Maree Clarke by Kimberley Moulton
Excerpted from the Know My Name publication (2020).
The historical cultural belongings of First Peoples in museums and galleries carry the stories of Ancestors. Worn and used by warriors, these items were made by Aboriginal people who have thrived for tens of thousands of years and who skilfully created objects with hands that held countless generations of knowledge. There was, however, an interruption in these practices, a moment in time when the invasion of sovereign lands meant surviving and navigating oppressive colonial systems. In many cases, this caused First Peoples to unwillingly forego the physical practice of making, of speaking language and of ceremony, particularly in the southeast of Australia.
Although resting, these practices and cultural values were still present, waiting for people to awaken them. Maree Clarke is an artist who has transformed this space through her work reviving and developing contemporary forms that push ‘traditional’ notions of Indigenous objects and art. A Yorta Yorta/Wamba Wamba/Mutti Mutti/Boon Wurrung woman, Clarke grew up in northwest Victoria, mainly in Mildura, on the banks of the Murray River. Through her work she has revived the practice of traditional possum skin cloaks as well as kangaroo teeth necklaces, river reed necklaces and string headbands adorned with kangaroo teeth and echidna quills. Her practice is dynamic—she works in video and photography as well as painting and sculpture to remember the customary ceremonies, rituals and language of her Ancestors, family histories and Aboriginal Australia.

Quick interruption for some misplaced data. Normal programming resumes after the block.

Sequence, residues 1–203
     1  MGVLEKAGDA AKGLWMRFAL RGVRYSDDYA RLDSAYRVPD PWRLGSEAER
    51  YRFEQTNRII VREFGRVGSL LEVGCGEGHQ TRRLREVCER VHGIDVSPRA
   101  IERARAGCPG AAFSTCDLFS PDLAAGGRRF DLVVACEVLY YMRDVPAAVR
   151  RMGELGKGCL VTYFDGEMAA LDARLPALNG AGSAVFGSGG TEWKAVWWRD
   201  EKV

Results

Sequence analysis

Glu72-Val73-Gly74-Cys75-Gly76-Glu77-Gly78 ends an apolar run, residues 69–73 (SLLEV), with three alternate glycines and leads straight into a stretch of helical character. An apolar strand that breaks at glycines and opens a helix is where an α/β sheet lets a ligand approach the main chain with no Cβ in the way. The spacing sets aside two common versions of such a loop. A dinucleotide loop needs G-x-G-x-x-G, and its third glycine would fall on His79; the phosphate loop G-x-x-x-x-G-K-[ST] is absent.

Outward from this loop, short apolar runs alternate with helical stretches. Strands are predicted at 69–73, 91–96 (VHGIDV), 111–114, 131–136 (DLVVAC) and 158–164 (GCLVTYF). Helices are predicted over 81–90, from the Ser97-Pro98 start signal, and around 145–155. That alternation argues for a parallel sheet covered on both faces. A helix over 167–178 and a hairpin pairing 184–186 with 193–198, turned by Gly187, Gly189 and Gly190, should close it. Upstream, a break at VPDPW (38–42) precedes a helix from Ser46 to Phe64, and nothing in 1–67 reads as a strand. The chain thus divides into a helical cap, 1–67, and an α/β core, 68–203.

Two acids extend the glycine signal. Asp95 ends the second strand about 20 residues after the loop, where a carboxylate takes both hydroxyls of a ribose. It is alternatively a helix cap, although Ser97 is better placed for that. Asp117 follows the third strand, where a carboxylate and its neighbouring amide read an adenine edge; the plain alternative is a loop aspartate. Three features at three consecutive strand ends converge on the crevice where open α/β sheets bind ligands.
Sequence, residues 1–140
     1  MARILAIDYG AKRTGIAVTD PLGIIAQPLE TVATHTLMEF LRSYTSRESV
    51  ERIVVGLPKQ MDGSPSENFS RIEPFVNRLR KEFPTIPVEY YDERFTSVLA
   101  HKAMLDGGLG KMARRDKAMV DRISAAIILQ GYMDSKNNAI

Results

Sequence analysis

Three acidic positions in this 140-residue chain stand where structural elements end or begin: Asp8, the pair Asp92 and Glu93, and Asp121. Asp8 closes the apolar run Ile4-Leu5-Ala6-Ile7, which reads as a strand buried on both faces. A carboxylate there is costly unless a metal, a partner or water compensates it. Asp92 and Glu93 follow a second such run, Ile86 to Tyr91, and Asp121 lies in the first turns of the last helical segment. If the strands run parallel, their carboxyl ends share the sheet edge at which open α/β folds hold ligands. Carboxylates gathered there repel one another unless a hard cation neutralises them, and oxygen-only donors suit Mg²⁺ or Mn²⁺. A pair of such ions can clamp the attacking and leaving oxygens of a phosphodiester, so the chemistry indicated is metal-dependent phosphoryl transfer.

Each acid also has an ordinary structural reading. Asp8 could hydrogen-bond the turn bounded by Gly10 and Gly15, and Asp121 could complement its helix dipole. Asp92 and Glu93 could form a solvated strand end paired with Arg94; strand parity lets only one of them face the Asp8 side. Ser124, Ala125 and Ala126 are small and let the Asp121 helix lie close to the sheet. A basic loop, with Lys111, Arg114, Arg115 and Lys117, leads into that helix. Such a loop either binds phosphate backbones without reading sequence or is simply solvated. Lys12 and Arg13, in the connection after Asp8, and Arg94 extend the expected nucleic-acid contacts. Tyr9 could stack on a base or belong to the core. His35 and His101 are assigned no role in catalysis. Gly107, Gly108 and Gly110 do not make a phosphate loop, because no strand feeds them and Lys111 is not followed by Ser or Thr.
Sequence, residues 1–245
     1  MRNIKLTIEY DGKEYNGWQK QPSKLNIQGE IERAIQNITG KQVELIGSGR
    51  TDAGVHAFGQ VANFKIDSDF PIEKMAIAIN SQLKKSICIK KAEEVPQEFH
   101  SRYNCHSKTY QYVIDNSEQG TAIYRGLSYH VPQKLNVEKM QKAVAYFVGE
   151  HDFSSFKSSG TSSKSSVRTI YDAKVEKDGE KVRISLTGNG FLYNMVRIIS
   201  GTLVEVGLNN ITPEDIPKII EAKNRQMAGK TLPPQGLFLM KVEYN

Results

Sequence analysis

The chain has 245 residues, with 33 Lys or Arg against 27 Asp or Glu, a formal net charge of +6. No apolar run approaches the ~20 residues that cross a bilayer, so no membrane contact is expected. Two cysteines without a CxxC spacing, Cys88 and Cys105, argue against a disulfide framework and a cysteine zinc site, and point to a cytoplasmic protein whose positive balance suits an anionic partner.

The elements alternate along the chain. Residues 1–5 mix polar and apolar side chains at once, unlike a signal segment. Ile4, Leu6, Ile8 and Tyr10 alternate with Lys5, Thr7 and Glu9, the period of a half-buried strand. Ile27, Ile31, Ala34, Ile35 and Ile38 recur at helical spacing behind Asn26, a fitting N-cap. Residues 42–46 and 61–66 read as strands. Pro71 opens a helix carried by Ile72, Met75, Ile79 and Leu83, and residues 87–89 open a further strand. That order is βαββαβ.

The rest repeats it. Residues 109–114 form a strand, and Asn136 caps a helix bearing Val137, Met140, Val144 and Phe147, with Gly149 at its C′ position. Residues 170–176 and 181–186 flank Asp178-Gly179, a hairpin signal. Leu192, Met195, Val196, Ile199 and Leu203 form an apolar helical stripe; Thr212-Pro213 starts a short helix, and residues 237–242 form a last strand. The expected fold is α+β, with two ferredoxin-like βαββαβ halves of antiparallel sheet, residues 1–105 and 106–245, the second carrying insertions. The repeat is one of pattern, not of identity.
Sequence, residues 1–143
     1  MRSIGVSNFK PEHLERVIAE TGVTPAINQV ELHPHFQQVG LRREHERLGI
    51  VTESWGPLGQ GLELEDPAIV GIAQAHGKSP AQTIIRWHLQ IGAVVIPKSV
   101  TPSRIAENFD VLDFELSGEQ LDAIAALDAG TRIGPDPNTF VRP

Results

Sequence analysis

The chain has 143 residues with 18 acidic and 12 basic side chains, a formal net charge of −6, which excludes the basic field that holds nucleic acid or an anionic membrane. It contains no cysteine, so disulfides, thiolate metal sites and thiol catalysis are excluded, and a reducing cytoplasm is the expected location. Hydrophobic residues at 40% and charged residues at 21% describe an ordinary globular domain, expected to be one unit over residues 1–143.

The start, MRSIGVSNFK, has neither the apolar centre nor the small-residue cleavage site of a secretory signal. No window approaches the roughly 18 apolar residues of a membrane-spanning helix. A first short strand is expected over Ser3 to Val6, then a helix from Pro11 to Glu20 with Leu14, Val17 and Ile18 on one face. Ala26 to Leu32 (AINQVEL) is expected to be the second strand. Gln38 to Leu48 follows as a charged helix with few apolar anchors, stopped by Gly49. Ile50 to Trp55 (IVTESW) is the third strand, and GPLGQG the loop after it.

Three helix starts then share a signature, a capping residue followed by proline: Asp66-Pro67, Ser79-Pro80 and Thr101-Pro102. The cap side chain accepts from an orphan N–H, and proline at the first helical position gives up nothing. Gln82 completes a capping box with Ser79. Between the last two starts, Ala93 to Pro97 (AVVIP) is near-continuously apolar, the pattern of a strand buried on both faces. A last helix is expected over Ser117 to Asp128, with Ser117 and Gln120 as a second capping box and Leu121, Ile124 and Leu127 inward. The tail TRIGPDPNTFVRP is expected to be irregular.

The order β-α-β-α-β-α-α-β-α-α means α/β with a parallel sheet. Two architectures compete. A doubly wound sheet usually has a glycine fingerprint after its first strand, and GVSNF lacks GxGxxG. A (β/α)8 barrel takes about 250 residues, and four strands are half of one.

In Thung‑ung Coorang (Kangaroo teeth necklace) 2013 cultural continuity and ongoing Aboriginal practice are explored through the upscaling of a kangaroo teeth necklace. The work was largely inspired by Clarke’s desire to revive and reclaim objects from collections she researched at Museums Victoria and across the world, which the community often don’t have access to or know about. As Clarke says:
I went and did research in museums looking at our material cultural items, and I tend to learn the technique of making those objects and items and I like to supersize things, that is to make reference to Aboriginal people and knowledge and skills that are still around today … to supersize is to say we’re still here, it’s a presence, we are here … and to be able to pass that knowledge and skill onto the next generations to me is just the most important thing.(1)
To make Thung‑ung Coorang, Clarke and her family collected the items needed for its production, including kangaroo teeth from roadkill (only the two front teeth are used), ochres, leather, animal fats and wattle resin. Traditionally worn around the neck by select members of the clan, Clarke’s necklaces now sit along with other works in collections of museums and galleries across the world, as well as on her kitchen table and the walls of friends and family, testament to the strength of Clarke and her people, still here, still strong.
(1) Maree Clarke, Ancestral memory, video interview, University of Melbourne, 2019, at about.unimelb.edu.au/old-quad/learn/maree-clarke-onancestral-memory, accessed 15 November 2019.
Citation: Cite this excerpt as: Moulton, Kimberley. "Maree Clarke" in N Bullock, K Cole, D Hart & E Pitt (eds), Know My Name, National Gallery of Australia, Canberra, 2020, pp 76–77.
KIMBERLEY MOULTON is a proud Yorta Yorta woman and Senior Curator, South Eastern Aboriginal Collections, Museums Victoria, Melbourne.